Japan boasts some of Asia’s most diverse and spectacular scenery, so it’s little wonder why so many tourists flock here for epic hikes and gentle scenic strolls. From one of the world’s most iconic mountains to ancient pilgrimages, there’s a hike for every taste. Japan’s ultra-speedy rail network makes it even easier to hop from hike to hike across the country too. There are hundreds to choose from, but to help make your life a little easier we’ve rounded up seven of the best walks in Japan.
The most scenic walks in Japan
1. Mount Fuji (Honshu)
Located just 100 km from Tokyo, Mount Fuji is one of Japan’s most iconic landmarks. Soaring 3,766 metres high, it’s the country’s tallest mountain, as well as the second-highest volcano in Asia and the seventh-highest island peak in the world. Unsurprisingly, it’s one of Japan’s most-visited tourist attractions and over 200,000 people clamber up to its summit every year.
The official climbing kicks off in early July through to September, when the mountain is usually free from snow and public transportation offers easier access. Most people can make the trek to the top of Mount Fuji in six hours. There are four different trails to choose from – Red (Subashiri Trail), Yellow (Yoshida Trail), Green (Gotemba Trail) and Blue (Fujinomiya Trail). The easiest and most popular route is the Yoshidaguchi Trail.
2. Kumano Kodo (Honshu)
This ancient pilgrimage path weaves through the forested mountain ranges along the Kii Peninsula, just south of Osaka. Once upon a time, it was reserved for emperors and samurai, but today it’s open to all hikers who have enough puff. The route connects the capitals of Nara and Kyoto, ending up at the three Grand Shrines of Jumano – Yoshin and Omine, Kumano Sanzan and Koyosan, this hike follows the footsteps of Emperors that link the capitals of Nara and Kyoto.
UNESCO rewarded the trail with World Heritage status in 2004 – one of only two pilgrimage routes recognised by Unesco. Those who’ve already walked the other listed trail, the Camino de Santiago, will get a Dual Pilgrim badge and certificate too.
3. Shikoku Henro (Shikoku)
Located on the smallest of Japan’s main islands, the whole Shikoku Henro Pilgrimage route loops around the entire island. With a staggering 88 temples along the way, it’s definitely one for culture buffs, there’s plenty for outdoorsy types to enjoy too. If you wanted to hike the whole 1000km+ hike, it would take you just over a month if you’re feeling spritely and close to two months if you’re taking it at a leisurely pace. Most hikers use public transport to shorten the route and also cut out a few temples along the way.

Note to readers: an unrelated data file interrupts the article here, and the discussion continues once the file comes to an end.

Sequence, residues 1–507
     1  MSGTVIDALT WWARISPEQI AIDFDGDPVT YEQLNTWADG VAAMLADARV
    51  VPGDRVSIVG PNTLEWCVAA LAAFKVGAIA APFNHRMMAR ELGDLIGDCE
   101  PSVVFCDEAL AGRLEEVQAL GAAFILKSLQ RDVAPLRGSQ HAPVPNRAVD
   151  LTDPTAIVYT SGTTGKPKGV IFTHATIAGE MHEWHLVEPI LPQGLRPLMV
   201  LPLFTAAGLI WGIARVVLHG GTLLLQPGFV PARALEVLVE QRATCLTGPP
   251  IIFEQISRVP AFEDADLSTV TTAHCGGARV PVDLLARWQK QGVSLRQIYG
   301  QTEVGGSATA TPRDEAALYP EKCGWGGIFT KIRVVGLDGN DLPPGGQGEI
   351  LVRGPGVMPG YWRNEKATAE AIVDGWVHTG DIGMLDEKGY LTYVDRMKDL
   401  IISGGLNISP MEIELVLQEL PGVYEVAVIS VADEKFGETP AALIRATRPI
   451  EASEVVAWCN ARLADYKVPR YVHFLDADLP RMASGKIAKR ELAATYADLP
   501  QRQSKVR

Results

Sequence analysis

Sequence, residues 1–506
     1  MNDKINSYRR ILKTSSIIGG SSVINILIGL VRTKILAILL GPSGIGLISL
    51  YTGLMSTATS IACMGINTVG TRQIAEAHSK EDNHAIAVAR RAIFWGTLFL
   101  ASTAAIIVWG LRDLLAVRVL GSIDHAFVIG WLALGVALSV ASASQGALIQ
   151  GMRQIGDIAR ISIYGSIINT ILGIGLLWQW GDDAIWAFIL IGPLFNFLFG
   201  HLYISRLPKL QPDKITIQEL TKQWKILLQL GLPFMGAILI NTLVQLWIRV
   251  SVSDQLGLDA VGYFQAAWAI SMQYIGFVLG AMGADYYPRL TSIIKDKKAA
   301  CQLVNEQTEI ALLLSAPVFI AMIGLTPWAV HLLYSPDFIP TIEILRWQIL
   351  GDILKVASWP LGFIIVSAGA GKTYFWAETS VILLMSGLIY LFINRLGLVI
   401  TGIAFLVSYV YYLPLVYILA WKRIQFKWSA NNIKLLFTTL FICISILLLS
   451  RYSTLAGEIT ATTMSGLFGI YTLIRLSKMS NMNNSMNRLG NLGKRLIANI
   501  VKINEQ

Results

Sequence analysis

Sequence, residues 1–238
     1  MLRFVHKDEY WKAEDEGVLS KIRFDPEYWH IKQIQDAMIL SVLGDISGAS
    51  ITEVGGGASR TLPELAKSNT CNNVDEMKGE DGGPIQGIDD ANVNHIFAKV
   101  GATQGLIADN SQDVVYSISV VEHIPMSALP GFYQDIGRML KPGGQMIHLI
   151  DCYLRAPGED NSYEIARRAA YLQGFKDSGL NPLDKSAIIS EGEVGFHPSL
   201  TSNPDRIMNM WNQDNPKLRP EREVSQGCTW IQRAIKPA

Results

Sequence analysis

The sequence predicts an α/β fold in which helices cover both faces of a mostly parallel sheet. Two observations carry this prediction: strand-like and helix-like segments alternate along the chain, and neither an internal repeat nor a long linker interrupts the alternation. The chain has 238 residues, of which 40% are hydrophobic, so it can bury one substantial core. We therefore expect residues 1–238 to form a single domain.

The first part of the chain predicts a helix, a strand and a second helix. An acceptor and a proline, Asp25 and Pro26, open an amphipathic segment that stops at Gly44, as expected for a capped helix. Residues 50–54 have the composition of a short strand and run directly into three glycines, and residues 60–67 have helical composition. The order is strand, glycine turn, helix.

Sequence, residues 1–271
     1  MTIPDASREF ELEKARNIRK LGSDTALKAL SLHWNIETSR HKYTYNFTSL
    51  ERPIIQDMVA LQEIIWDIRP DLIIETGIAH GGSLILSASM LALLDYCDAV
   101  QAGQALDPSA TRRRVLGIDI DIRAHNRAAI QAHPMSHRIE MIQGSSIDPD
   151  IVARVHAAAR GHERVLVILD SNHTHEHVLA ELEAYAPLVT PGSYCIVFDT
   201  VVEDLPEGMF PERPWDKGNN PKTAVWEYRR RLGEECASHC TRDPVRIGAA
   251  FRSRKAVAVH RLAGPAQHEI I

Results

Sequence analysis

If you’re planning on shaving off some time, you’ll need to make sure you end your hike at the same temple you started with according to local custom.
4. The Nakasendo Way (Honshu)
This multi-day trek connects the country’s old and new capital cities via a network of forest paths through the central mountains and Kiso Valley. It usually takes around five days to complete the entire trek, but there are various options for those who are shorter on time. The route is peppered with small villages that offer a fascinating insight into Japanese culture and history.
5. Mount Daimonji (Honshu)
If the prospect of hiking to the summit of Mount Fuji overwhelms you, Mount Daimonji is the perfect compromise. Daimonji – which literally translates as ‘the Big Character Mountain’ – packs a huge amount of personality. Located outside Kyoto, this day-long hike meanders through low lying plains and rivers in the Kyoto Basin. As you might expect, the views from the top are astounding. On a clear day, you might even be able to catch sight of Osaka’s soaring skyscrapers in the distance. Plus, it’s only a two-hour hike downhill too.
Every August 16, to mark the Obon Festival, the whole mountain lights up as locals send their ancestors off to the spirit world. This is the only day entrance is prohibited but it’s a spectacular sight to behold from afar.
6. The Japanese Alps (Honshu)
At first glance, you could mistake the Japanese Alps for Switzerland. But beyond the dense pine forests, snow-tipped peaks and bright blue rivers, this is pure Japan, complete with gassho-zukuri-style farmhouses. The Japanese Alps offer some of the best hiking on Japan’s largest island. There’s a dizzying range of hikes to choose from, suited to all levels too. For a gentler hike, you can head to the Kamikochi Valley, which acts as the starting point for most of the region’s more moderate hikes. For serious ascents, there’s the Yarigatake path, as well as the Hotakadake path.
7. Lake Chuzenji (Tochigi)
Perched in the mountains above Nikko at the foot of Mount Nantai, this lake formed around 20,000 years ago when the volcano last erupted. The 25 km route trails around the lake, past cascading waterfalls and lush forest. The lake’s shores are still largely undeveloped, save a small hot spring town called Chuzenjiko Onsen – perfect for soaking those weary legs after a day’s hiking.
The lake is at its most beautiful during autumn when the lake is ablaze with reds, gold and oranges. Most locals head here in the summer to escape the stifling city heat.